How Kerry Nettle voted compared to someone who believes that the federal government should always consult with local communities that may be affected by infrastructure projects, especially for major infrastructure projects such as dams, pulp mills or nuclear facilities

Division Kerry Nettle Supporters vote Division outcome

17th Sep 2007, 8:14 PM – Senate Commonwealth Electoral Amendment (Democratic Plebiscites) Bill 2007 - In Committee - Major infrastructure projects

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The majority voted against a motion introduced by Australian Democrats Senator Andrew Murray, meaning it was unsuccessful.

Motion text

(1) Schedule 1, page 3 (after line 4), before item 1, insert:

1A After paragraph 7(1)(fa)

Insert:

(fb) to conduct plebiscites in localities where major infrastructure projects are proposed.

Note: Examples of major infrastructure projects include a dam, a desalination plant, a pulp mill, a nuclear facility and harbour dredging.

(2) Schedule 1, item 1, page 4 (after line 5), at the end of the item, add:

(1H) To ensure that communities in which a major infrastructure project is to be established have authorised that establishment and have consented to the health, welfare, safety and environmental impacts and risks of the establishment of the major infrastructure project, for the purposes of paragraph 7(1)(fb), a plebiscite must be conducted by the Commission in every federal electorate within 0.5km of the boundary of the major infrastructure project seeking approval for the establishment of the facility.

(1I) A major infrastructure project may not proceed unless a plebiscite has first been conducted in accordance with subsection (1H).

(3) Schedule 1, page 4 (after line 5), after item 1, insert:

1A After section 7A

Insert:

7AB Preparation of arguments for and against an infrastructure project for which a plebiscite is to be conducted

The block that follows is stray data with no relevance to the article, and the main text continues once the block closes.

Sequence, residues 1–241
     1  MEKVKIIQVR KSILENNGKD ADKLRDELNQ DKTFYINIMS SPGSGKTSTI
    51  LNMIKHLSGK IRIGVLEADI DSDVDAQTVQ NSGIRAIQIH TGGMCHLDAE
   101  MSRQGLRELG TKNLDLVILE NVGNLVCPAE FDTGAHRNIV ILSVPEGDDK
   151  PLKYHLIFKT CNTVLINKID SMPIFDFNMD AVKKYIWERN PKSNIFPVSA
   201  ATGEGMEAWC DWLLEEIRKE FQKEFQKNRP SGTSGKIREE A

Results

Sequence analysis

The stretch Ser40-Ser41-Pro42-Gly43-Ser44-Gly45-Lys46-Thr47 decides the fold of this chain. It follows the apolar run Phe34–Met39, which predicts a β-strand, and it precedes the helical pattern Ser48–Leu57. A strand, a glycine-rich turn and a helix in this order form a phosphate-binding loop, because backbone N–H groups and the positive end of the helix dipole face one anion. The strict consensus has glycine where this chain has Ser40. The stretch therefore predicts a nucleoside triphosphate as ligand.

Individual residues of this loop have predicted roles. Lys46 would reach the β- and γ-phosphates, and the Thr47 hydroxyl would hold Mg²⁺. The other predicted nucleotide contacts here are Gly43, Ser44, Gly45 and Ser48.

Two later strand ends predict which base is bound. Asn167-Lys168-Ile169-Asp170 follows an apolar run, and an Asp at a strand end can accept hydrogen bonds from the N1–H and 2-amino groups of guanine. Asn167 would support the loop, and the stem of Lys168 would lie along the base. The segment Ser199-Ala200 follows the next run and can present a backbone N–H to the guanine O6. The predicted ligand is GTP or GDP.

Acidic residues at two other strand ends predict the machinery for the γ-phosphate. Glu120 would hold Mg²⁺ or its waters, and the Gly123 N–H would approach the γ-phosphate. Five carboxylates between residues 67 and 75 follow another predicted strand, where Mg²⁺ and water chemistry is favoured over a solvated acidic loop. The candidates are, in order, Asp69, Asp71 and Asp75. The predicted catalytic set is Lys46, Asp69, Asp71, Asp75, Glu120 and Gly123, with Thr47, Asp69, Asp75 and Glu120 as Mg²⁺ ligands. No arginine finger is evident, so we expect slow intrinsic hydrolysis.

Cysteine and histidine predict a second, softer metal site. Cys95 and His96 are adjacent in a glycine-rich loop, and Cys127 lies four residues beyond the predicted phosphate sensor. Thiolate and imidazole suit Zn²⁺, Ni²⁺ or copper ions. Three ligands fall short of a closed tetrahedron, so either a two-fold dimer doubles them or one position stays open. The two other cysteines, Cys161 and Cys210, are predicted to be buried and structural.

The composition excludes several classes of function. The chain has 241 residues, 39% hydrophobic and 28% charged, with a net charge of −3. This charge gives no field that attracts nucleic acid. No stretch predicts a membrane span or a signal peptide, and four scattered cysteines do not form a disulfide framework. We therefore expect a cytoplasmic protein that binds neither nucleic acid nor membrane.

(1) A plebiscite may not be conducted in accordance with paragraph 7(1)(fb) unless an argument in favour of the proposed major infrastructure project (the project) and an argument against the proposed major infrastructure project has first been prepared in relation to the plebiscite for that major infrastructure project.

(2) The argument for and the argument against the project must include a statement consisting of not more than 2,000 words, which includes:

(a) an analysis of the costs and benefits of the project;

(b) an analysis of the environmental impacts of the project;

(c) a consideration of alternative options to the project.

(3) The argument in favour of the project may be submitted to the Electoral Commission by the chief proponent or proponents for the project.

(4) The argument against the project may be submitted to the Electoral Commission by the chief opponent or opponents of the project.

(5) The Electoral Commission must cause to be printed and to be posted to each elector within the area in which the plebiscite is to be conducted a pamphlet containing the arguments for and against the project.

absent Yes (strong) Not passed by a large majority

17th Sep 2007, 7:49 PM – Senate Commonwealth Electoral Amendment (Democratic Plebiscites) Bill 2007 - In Committee - Nuclear sites

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The majority voted against a motion introduced by Australian Democrats Senator Andrew Murray.

Motion text

(1) Schedule 1, page 3 (after line 4), before item 1, insert;

1A After paragraph 7(1)(fa)

Insert:

(fb) to conduct plebiscites in communities in which a nuclear facility is to be established; and

(2) Schedule 1, item 1, page 4, (after line 5), at the end of the item, add:

(1H) To ensure that communities in which a nuclear facility is to be established have authorised that establishment and have consented to the health, welfare, safety and environmental impacts and risks of the establishment of the nuclear facility, for the purposes of paragraph 7(1)(fb), a plebiscite must be conducted by the Commission in every federal electorate within 0.5km of the boundary of the nuclear facility seeking approval for the establishment of the facility.

absent Yes (strong) Not passed by a small majority

How "never voted" is worked out

Normally a person's votes count towards a score which is used to work out a simple phrase to summarise their position on a policy. However in this case Kerry Nettle was absent during all divisions for this policy. So, it's impossible to say anything concrete other than that they have "never voted" on this policy.